Knife crime: where's the public health approach?

With stabbings at a record high, and public outrage palpable following a spate of deaths, journalist Juliette Astrup asks if the public health approach to youth violence could be forgotten amid the headline-grabbing rhetoric of ‘more boots on the streets’? 

England: new NHS ‘sleep clinic’ boosts families’ wellbeing

A pioneering pilot scheme to help children get a good night’s sleep has boosted the mental health of youngsters and their parents, NHS England has said.

Time for a screen break?

Concerns have been raised that digital devices are now a fundamental part of so many children’s lives, but are there mixed messages around the impact on young people? And how can you help parents navigate the advice? Journalist Georgina Fuller reports.

When the screaming won't stop

Colic and persistent crying can be distressing for babies and parents alike, so what is the latest thinking on the causes
and the best way to deal with it?

Australia: time-out is a positive discipline strategy

A University of Sydney study says that time-out is helpful as a method of discipline for children.

Denmark: MMR vaccine does not cause autism: reconfirmed

The measles, mumps and rubella (MMR) vaccine does not cause autism, does not trigger autism in susceptible children and is not associated with clustering of cases following vaccination.

UK: inquiry demands tighter social media regulation

#NewFilters, the first national inquiry examining the impact of social media on young people’s mental health and wellbeing, has called for tighter regulations on social media.

Northern Ireland: specialists to help parent-baby bonding

A new service to support parents struggling to bond with their babies has been offered by two specialist health visitors in infant mental health at the Western Health and Social Care Trust.

Youth violence: a fighting chance

Why is knife and other youth violence on such an upward trajectory, and can a public health approach, which is being hailed as the answer, really help? Journalist Phil Harris investigates.

England: autism not linked to antenatal fish consumption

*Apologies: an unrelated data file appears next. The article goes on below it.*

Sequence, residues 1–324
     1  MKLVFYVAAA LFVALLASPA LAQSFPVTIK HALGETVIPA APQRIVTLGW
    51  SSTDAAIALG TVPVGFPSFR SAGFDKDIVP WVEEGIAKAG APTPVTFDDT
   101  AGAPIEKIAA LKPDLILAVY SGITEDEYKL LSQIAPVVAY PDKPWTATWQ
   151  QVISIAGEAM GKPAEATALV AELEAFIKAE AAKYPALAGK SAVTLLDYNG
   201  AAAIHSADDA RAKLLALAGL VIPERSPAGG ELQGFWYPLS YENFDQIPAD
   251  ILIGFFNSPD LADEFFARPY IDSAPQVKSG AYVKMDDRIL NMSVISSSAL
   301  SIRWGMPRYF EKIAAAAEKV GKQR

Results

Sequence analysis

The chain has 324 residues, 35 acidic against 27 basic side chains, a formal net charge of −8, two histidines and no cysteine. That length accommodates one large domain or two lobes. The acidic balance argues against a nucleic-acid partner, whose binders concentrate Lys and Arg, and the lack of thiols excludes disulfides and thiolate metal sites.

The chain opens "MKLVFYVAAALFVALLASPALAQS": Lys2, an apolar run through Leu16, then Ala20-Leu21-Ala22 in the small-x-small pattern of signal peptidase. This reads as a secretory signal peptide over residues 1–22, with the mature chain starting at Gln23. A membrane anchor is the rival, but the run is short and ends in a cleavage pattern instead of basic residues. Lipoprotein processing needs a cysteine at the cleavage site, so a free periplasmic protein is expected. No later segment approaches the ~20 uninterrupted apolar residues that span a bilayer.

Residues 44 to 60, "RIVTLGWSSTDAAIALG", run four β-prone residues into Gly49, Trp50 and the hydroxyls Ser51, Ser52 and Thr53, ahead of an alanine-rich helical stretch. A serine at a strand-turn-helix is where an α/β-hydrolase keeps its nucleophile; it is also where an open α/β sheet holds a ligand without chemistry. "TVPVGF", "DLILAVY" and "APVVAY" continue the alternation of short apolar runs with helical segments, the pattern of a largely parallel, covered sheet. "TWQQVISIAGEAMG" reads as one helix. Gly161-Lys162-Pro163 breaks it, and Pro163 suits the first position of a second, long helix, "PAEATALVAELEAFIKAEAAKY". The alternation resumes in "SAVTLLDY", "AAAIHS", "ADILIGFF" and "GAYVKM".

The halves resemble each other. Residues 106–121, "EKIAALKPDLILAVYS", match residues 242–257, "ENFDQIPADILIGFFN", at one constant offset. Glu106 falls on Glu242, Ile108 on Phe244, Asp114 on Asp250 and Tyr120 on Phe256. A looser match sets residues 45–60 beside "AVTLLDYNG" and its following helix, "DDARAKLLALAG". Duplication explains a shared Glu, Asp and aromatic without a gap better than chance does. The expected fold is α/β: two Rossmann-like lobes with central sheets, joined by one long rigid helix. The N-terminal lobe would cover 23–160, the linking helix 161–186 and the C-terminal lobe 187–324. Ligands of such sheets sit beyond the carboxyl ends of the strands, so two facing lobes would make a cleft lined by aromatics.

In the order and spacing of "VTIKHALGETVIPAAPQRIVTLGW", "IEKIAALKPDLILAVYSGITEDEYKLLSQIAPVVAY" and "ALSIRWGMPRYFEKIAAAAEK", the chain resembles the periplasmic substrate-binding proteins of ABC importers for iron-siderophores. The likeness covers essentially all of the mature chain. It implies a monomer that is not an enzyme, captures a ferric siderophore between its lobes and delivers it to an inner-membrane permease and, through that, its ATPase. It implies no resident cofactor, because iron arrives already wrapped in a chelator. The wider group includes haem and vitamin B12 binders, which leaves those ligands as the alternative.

Eating fish during pregnancy does not increase the likelihood of a child having autism, scientists have found.

OCD: the unwelcome takeover

There is far more to obsessive compulsive disorder than straightening ornaments and checking light switches. Thankfully, awareness is growing. Journalist Georgina Wintersgill reports.

Social media can raise children's unhealthy snack intake

Research from the University of Liverpool has highlighted the negative influence that social media can have on children’s food intake.

Expectation of pain is reality for children

A University of California study, published in Psychosomatic Medicine, saw researchers apply thermal heat to 20 healthy children, 20 with anxiety disorders and 23 adults, asking them to rate the levels of pain.

Use of paracetamol in pregnancy increases risk of ADHD and autism

Pregnant women who take paracetamol are up to 30% more likely to have children with attention deficit hyperactivity disorder (ADHD), new research suggests.

Curious children do better in maths and reading

Curious children are better able to grasp basic maths and reading, a study has suggested.

Scotland: ADHD survey reveals inadequate support for families

37,000 children in Scotland are estimated to have ADHD, but only around 5000 receive any treatment

Children with autism at increased risk of vaccine-preventable disease

Children with autism and their younger siblings are less likely to be fully vaccinated, a study shows. 

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